A new episode of Five Minutes Five Issues posted on Saturday. You can listen to it, and read a transcript, below. You can also find previous episodes of the show at Stitcher, iTunes, YouTube, and SoundCloud.
Listen to the new episode here:
Read a transcript of the new episode, including links to further information regarding the topics discussed, here:
The Ron Paul Institute for Peace and Prosperity welcomes you to Five Minutes Five Issues.
Starting in five four three two one.
Hello, I am Adam Dick, a Ron Paul Institute senior fellow.
Smoking in your car can be a capital offense in America.
Two years ago a cop in Texas forced Sandra Bland out of her car, threw her to the ground, handcuffed her, and sent her to jail. The cop had pulled Bland’s car over for changing lanes without using a turn signal. The last thing Bland did before the cop forced her out of the car was contest the cop’s request that she extinguish her cigarette. Bland died in a jail cell after three days of confinement. Here is how I commented on her death at the time: “suicide or murder — it is all but certain that the unjust system that created so much needless anguish for Bland in her final days, and individuals who carried out tasks to advance the injustice, are culpable for Bland’s death.”
Last week, a jury acquitted a cop in a court case concerning him killing Philando Castile in Minnesota last year. Castile, like Bland, was pulled over purportedly for a minor issue — a broken taillight. Also in the car were two passengers — Castile’s girlfriend and her young daughter. Questioned the day after the killing, the cop offered his belief he smelled marijuana in the car as a reason for shooting Castile. Here is what the cop said was going through his mind:
…I was gonna die and I thought if he’s, if he has the, the guts and the audacity to smoke marijuana in front of the five year old girl and risk her lungs and risk her life by giving her secondhand smoke and the front seat passenger doing the same thing then what, what care does he give about me. And, I let off the rounds…
Issue two. This week on the Ron Paul Liberty Report, Ron Paul asked Edward Snowden about the deliberation Snowden undertook in deciding to reveal National Security Agency (NSA) information. As part of his answer, Snowden explained:
The bottom line is I found evidence again and again, as I went to deeper and deeper levels of government, higher and higher levels of clearances, that these programs were never about terrorism. That’s the public justification for them. They’re about economic espionage. They’re about diplomatic manipulation. They’re about social influence. They’re about power.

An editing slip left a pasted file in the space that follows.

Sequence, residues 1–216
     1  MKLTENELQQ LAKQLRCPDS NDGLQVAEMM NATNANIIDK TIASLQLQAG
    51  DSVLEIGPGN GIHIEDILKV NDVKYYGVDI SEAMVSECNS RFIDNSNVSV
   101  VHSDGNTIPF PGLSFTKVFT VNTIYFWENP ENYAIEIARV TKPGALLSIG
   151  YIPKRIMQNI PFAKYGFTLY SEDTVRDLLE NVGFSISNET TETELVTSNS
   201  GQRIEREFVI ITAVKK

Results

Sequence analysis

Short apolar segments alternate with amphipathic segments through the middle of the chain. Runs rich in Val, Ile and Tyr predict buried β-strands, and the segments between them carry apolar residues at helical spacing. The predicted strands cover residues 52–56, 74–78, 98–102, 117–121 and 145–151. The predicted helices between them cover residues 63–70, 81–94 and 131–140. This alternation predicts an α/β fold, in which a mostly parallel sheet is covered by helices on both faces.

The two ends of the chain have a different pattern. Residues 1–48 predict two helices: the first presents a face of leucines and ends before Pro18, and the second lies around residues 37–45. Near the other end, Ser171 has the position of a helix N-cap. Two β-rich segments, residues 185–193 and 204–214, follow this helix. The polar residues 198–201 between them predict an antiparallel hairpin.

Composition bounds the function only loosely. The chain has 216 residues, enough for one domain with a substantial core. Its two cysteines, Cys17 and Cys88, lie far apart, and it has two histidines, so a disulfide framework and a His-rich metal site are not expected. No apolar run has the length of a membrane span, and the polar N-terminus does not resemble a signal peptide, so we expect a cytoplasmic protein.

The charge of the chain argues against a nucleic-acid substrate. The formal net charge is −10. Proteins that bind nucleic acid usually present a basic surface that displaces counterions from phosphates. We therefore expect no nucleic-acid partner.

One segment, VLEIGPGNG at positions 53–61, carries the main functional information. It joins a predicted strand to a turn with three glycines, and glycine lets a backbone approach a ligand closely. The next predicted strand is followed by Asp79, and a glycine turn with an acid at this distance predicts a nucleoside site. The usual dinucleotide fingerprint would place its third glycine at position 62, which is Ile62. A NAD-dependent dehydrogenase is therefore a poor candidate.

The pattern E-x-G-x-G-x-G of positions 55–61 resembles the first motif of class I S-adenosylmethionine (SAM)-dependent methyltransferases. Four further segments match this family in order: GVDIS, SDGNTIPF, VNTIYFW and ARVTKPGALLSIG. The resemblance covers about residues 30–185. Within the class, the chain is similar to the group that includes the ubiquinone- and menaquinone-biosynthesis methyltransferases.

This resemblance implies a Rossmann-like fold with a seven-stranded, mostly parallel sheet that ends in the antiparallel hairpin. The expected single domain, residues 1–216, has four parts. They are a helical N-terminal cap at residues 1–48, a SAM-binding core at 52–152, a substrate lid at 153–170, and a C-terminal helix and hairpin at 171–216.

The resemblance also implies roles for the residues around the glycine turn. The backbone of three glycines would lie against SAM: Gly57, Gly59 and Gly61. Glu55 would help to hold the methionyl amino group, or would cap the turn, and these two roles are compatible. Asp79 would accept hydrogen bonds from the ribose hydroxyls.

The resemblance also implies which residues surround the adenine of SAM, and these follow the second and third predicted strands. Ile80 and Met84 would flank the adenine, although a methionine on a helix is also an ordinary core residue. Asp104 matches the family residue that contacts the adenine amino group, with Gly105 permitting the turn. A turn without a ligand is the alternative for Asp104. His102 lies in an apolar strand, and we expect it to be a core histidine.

Jason Leopold and David Mack reported Wednesday at BuzzFeed that documents recently obtained via the Freedom of Information Act (FOIA) show that several Central Intelligence Agency (CIA) contractors were fired for stealing around $3,000 worth of snacks from vending machines.
Alex Emmons of The Intercept aptly responded to the revelation by commenting that he is “[p]retty sure this means more CIA staff have been held accountable for stealing from vending machines than for torture.”
The US government appears to be working with torturers in Yemen.
Maggie Michael reported Thursday at the Associate Press (AP) on hundreds of Yemeni individuals being detained in a network of secret prisons in southern Yemen. In the prisons, she writes, “[a]buse and torture are routine.”
Michael relates that US defense officials have confirmed “that U.S. forces have interrogated some detainees in Yemen but denied any participation in or knowledge of human rights abuses.”
In an April press release, Rep. Dana Rohrabacher (R-CA) commented about the potential secession of his home state of California. Rohrabacher had recently returned from a trip to Europe where he met with people including the president of Catalonia. Rohrabacher states that, while he thinks the outcome of a referendum on Catalonia independence from Spain should be accepted, he would not interject his opinion on how people should vote. Interestingly, Rohrabacher lists California among the places where he believes potential secession votes should be respected. Hopefully, many more people in the US government agree. The last time states seceded from the US hundreds of thousands of people died in a US war to conquer the newly-formed Confederate States of America.
That’s a wrap.
Transcripts of Five Minutes Five Issues episodes, including links to related information, are at the Ron Paul Institute blog.
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